Beyond Beeple and his NFT, the market is growing. When we see headlines like Ukraine’s government plans to fund its war through the sale of NFT art, we begin to understand the amplitude of this art form. When asked by the The New York Times, Todd Levin, a New York art advisor, spoke of mixed emotions about the $69.3 million sale. “On the one hand, it’s super exciting to witness a historical inflection point. On the other hand, the amount of money involved could skew and damage a nascent emerging market,” Levin said. Is all lost for NFTs before the market has even got started?
The most valued artworks of all time
If we look at a historical list of the highest prices received by works of art at auction, Beeple’s NFT has a ways to go. As it stands the most expensive artwork to have previously been sold is Leonardo da Vinci “Salvator Mundi” (c. 1500) that went for $475.4 million at Christie’s auction house in 2017. However, if we consider that a few years ago, NFTs were considered worthless (and still are to some!) then this increase in value is extortionate. We can only imagine where the value of NFTs will rise to in coming years. Nonetheless, its skeptics believe the NFT market, much like the cryptocurrency market, can be allegorized as a bubble about to pop.
Where will NFTs take us? The future of digital artwork
Whether we like it or not, NFTs have begun to have a serious impact on our lives. Whether that be to lasting effect (or not) is to be discovered over time. Certainly, their anti-establishmentarian nature responds well to a younger, more dynamic generation that the historic art market has typically negated.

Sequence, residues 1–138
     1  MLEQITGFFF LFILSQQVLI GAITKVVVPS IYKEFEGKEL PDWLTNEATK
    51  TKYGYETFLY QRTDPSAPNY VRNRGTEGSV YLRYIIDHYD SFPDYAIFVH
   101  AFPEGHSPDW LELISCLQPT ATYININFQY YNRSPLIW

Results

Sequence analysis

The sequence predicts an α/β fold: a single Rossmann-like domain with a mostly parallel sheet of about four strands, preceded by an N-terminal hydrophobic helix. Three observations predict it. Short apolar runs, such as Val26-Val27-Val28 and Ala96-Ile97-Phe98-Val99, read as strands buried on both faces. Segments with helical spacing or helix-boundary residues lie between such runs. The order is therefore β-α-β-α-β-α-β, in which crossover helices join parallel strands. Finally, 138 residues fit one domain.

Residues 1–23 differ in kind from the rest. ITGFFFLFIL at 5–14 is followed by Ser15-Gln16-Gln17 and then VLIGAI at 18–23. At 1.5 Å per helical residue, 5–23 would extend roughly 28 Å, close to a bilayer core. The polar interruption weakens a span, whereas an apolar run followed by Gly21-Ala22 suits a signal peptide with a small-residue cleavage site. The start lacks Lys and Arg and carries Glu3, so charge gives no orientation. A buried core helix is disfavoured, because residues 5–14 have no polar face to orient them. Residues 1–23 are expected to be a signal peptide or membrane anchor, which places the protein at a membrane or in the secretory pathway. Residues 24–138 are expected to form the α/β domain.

NFTs by their very nature are hard to justify ideologically if we consider the ecological consequences and capitalist inflation they propagate. Some, however, are using this digital gold rush to bring some good into the world. Jack Dorsey, the co-founder of Twitter, sold his first tweet as an NFT in a timed charity auction.
Now collaborating with the famous auction houses NFT artists have previously opposed, it is hard to predict the future of the medium due largely to its unclear ideology and contradictory nature. Since Beeple’s Every days: the First 5,000 Days, another NFT has taken the reign for the most expensive ever sold. The Merge by the pseudonym Pak, was sold on NFT marketplace Nifty Gateway at the end of 2021. It fetched a record sum of USD 91.8 million. This demonstrates a concrete trend.
Nevertheless, there is much speculation as to whether these eye watering prices will continue to inflate or whether a new kid on the block will dethrone the NFT. For now, the market for physical artwork appears safe from replacement as the NFT skeptics prefer the stability it offers. Despite this, John Watkinson thinks differently. An insider to the market as co-founder of CryptoPunks. He reflected, “art is no longer about a relationship with an object. It’s about making money,” he said, “I feel bad for art.”